The International Monetary Fund (IMF) has expressed happiness with G20’s support for the agreement on a minimum corporate tax rate for profitable companies.
G20 (Group of 20) consists an 19 advanced and developing countries and the European Union (EU).
The Managing Director of IMF, Kristalina Georgieva, said in a statement on Saturday at the end of the hybrid meeting of the G20 Finance Ministers and Central Bank Governors in Venice, Italy that this would help highly profitable companies to pay their fair share of taxes and contribute to the recovery of the global economy from the pressures from the COVID-19 pandemic.
“I am very encouraged by the substantial progress made by the G20 at this meeting on a number of crucial issues.
In particular, I want to recognize the G20’s support for the historic agreement on a minimum corporate tax rate.
“This will help countries preserve their corporate tax base and mobilize revenue by ensuring that highly profitable companies pay their fair share everywhere,” Georgieva stated.
Although the IMF managing director noted the continued recovery of the global economy along the line of its April projection of six percent this year, she said the divergence across economies was intensifying, as the world was facing a two-track recovery.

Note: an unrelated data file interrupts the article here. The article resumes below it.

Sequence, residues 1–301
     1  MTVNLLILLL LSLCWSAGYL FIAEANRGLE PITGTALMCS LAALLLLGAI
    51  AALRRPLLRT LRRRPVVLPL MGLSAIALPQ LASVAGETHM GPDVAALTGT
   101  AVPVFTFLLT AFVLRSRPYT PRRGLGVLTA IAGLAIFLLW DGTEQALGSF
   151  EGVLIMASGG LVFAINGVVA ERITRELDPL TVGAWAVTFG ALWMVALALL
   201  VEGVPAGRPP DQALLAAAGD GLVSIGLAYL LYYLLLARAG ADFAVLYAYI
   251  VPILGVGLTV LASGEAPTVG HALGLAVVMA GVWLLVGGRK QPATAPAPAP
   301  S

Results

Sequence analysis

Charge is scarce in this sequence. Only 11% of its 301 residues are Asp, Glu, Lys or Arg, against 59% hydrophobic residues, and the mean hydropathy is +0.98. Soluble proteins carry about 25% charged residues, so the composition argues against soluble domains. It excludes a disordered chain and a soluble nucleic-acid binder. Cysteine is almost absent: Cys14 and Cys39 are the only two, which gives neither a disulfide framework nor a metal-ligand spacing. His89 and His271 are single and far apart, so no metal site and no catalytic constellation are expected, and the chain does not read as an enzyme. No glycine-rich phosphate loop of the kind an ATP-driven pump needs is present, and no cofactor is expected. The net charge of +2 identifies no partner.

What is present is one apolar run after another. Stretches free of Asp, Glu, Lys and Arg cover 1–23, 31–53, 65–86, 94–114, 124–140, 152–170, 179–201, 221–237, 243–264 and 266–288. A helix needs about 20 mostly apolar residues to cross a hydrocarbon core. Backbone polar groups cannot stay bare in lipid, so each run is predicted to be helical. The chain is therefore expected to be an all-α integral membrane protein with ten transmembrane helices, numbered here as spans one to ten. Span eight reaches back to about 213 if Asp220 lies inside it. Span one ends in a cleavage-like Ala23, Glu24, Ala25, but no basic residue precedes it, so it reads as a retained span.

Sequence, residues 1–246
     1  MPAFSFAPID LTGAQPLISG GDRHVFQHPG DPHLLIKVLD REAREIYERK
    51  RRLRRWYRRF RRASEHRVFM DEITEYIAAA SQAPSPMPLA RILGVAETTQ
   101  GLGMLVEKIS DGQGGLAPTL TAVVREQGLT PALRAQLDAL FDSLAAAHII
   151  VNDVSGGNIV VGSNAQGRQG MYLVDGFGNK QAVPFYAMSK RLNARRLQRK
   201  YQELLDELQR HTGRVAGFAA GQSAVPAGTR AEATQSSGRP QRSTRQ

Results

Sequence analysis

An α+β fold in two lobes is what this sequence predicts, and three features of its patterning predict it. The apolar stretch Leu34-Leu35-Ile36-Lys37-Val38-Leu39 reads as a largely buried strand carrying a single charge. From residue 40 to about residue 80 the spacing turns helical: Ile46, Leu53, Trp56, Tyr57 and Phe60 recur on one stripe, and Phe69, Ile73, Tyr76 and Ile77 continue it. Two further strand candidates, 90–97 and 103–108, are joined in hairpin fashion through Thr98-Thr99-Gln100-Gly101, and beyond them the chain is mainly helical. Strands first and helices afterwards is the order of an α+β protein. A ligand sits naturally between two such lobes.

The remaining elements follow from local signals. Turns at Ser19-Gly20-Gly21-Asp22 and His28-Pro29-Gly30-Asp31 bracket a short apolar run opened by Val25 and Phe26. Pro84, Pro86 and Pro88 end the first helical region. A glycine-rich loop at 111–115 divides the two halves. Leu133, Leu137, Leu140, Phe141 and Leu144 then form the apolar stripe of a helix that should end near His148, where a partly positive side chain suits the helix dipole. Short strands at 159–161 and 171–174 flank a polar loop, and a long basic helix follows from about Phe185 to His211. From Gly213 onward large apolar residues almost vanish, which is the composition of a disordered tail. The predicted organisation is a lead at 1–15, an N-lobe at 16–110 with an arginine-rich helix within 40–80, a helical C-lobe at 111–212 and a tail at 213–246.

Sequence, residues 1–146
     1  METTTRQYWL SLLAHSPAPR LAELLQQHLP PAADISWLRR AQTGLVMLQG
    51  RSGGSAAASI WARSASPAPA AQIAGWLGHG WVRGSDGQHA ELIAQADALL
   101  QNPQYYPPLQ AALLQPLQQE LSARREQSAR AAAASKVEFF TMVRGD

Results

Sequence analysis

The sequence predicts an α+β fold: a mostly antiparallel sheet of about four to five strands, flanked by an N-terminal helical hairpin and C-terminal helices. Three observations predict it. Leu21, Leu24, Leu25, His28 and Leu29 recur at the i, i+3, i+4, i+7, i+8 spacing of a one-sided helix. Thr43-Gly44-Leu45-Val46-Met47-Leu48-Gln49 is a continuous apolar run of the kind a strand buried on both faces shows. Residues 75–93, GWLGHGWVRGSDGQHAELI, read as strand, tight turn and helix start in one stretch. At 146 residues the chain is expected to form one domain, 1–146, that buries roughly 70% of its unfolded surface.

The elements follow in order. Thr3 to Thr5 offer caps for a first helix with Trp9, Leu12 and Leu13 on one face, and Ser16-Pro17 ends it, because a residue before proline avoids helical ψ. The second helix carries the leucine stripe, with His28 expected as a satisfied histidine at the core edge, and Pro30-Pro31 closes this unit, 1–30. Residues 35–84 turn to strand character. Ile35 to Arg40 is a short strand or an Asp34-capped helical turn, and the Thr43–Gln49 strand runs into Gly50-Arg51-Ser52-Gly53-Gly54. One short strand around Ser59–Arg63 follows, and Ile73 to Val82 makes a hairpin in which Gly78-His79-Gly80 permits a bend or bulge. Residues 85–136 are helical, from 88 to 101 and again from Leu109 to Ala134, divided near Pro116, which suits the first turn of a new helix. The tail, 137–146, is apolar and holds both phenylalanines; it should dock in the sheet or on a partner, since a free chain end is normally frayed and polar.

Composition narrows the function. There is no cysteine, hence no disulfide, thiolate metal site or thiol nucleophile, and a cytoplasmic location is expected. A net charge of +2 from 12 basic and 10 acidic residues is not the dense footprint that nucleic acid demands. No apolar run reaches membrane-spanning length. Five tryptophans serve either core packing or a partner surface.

While growth in major advanced economies and some emerging market countries, continue to accelerate, propelled by a combination of strong fiscal and monetary policy support, and rapid vaccinations, growth in many other countries, particularly the poorest, without access to vaccines and with surging infection rates, are suppressed.
With a dangerous wave of a highly transmissible variant of COVID-19 now making its way across the globe, she said the pandemic remains the fundamental risk facing the global economy.
Apart from a new Special Drawing Right allocation of $650 billion to member countries, the largest in IMF history, to help them in their recovery efforts, Georgieva said actions were urgently needed in three key areas.
These include accelerating vaccinations to cover at least 40 percent of the population in every country by the end of 2021, and 60 percent by the middle of 2022.
In this connection, she said the IMF stands ready to work closely with World Bank, World Health Organization and World Trade Organization to tackle the problem.
In close collaboration with ACT-A, she said a task force—a ‘war room’— has been constituted to help achieve the objective.
She welcomed the G20 support to prioritize acceleration of the delivery of vaccines, diagnostics and therapeutics.
“By providing faster access to vaccines to high-risk populations, more than half a million lives could be saved this year.
“And a normal return to activity everywhere could add $9 trillion to the global economy through 2025—the $50 billion cost of this pandemic plan pales by comparison,” the IMF boss said.
Also, she called for the implementation of sound macroeconomic policies to ensure it continued to play a pivotal role in securing the recovery for the global economy.